• Patterned – This option works well when photographing small items like jewelry since they won’t compete with any busy patterns behind them; however we’d recommend sticking with solid colors if possible since they’re less distracting than busy patterns such as stripes or polka dots which tend not only distract from what’s being photographed but also from each other!
Product photography of watch with dark background
Product Photography of Watch with dark background

6. Photo-editing software

If you want to take your product photography to the next level, there’s a good chance that your photos will benefit from some editing. Luckily, there are many free photo-editing applications out there that can help you clean up your photos and make them look their best.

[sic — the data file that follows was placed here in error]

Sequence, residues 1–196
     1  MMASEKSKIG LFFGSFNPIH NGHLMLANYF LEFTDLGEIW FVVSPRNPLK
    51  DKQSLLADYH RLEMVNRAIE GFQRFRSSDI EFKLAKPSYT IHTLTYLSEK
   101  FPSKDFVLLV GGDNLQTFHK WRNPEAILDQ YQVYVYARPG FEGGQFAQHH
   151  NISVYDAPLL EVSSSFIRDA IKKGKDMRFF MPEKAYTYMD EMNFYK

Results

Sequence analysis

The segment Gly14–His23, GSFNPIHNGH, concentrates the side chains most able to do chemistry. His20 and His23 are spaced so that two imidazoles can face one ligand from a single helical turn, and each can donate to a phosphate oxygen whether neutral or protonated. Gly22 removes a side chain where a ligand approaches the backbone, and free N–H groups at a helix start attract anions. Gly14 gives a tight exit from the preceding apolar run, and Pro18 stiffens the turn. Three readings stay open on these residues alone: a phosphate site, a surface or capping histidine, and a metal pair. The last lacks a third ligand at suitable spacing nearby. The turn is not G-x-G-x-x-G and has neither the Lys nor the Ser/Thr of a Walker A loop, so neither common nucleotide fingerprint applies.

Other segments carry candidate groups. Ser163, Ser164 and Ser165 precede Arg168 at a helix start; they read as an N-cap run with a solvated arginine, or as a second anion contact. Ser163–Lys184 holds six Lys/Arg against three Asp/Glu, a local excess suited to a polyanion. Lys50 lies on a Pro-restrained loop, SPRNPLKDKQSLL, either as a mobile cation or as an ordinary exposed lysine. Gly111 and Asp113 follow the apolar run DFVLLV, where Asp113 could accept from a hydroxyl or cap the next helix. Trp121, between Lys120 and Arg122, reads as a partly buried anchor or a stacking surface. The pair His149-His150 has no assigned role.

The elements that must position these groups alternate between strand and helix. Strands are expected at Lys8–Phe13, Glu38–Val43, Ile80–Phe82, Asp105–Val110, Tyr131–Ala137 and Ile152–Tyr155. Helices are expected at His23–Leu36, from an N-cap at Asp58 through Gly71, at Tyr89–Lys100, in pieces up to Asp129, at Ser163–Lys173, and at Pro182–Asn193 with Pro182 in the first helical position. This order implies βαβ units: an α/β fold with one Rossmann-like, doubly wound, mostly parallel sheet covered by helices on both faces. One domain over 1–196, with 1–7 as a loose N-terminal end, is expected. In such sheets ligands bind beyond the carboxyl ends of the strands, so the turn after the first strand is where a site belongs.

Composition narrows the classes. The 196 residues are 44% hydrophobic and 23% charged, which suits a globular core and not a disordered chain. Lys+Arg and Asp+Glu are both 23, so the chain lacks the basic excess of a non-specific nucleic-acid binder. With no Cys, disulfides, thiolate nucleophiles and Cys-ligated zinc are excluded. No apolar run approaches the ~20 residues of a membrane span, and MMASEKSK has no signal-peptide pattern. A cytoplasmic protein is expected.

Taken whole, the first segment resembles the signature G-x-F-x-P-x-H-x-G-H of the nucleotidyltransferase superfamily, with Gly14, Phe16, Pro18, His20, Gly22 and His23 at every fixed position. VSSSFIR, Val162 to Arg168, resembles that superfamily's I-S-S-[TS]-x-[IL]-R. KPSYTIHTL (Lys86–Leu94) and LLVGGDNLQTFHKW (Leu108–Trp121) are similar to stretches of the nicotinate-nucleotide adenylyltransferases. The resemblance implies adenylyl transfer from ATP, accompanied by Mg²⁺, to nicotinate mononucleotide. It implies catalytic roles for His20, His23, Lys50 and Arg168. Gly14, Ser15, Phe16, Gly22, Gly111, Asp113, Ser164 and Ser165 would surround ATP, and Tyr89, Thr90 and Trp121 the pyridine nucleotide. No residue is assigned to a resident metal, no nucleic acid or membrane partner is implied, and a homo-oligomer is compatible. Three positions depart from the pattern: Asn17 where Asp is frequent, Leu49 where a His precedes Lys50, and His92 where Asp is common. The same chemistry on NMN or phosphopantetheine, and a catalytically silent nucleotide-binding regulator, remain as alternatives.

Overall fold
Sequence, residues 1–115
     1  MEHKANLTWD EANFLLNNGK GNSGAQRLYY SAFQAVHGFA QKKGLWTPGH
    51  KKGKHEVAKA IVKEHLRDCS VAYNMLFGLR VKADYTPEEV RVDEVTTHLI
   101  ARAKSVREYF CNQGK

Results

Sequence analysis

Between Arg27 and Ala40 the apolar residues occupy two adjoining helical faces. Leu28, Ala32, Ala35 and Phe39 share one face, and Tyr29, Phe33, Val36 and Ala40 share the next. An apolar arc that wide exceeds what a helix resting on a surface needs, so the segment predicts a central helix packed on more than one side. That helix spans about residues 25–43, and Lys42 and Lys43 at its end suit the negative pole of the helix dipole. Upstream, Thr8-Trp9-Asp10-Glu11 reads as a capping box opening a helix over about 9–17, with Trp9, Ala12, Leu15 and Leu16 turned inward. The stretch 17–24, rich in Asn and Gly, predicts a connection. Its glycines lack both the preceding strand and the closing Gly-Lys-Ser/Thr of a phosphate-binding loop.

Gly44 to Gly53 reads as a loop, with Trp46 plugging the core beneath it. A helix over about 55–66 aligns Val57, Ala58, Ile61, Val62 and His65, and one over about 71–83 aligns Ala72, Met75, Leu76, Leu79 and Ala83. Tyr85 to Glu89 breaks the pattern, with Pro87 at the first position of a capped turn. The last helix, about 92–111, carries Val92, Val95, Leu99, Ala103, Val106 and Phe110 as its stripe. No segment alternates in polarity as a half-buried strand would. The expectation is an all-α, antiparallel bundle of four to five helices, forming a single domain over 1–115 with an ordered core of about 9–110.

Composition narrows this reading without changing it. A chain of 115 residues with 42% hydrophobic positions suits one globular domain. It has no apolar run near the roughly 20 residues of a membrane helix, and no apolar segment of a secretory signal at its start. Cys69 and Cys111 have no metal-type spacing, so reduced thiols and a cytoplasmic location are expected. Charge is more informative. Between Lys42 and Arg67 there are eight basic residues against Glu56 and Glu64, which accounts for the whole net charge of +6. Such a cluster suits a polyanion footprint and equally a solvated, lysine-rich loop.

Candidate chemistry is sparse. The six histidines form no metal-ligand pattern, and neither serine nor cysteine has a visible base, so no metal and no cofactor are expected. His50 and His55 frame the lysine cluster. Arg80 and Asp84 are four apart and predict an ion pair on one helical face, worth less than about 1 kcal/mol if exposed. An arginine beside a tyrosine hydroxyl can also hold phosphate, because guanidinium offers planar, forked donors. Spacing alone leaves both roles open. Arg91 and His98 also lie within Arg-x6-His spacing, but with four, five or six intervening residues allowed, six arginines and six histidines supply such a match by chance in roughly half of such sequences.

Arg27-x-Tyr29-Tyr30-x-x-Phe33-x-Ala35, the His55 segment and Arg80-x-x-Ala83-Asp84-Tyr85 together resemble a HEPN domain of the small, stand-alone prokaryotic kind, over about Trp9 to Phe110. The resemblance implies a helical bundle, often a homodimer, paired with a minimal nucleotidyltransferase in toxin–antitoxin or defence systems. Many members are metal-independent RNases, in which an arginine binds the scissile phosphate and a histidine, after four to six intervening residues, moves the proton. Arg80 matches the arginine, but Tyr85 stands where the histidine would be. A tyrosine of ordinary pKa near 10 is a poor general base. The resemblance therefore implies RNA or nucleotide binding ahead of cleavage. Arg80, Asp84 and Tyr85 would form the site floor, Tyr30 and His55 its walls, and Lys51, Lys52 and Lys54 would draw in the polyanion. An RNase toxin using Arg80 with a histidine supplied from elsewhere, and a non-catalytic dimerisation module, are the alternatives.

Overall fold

If you want a consistent look for all of your products in every photo (and let’s face it—you do), then this is also something worth taking into account when choosing software. It should be able to easily manipulate colors and contrast so that all of your images match up perfectly.

7. Location

Choosing the right location is important for your product photos as it can help you create visual consistency with your brand, as well as make sure that the background in your photos does not distract from or clash with the product.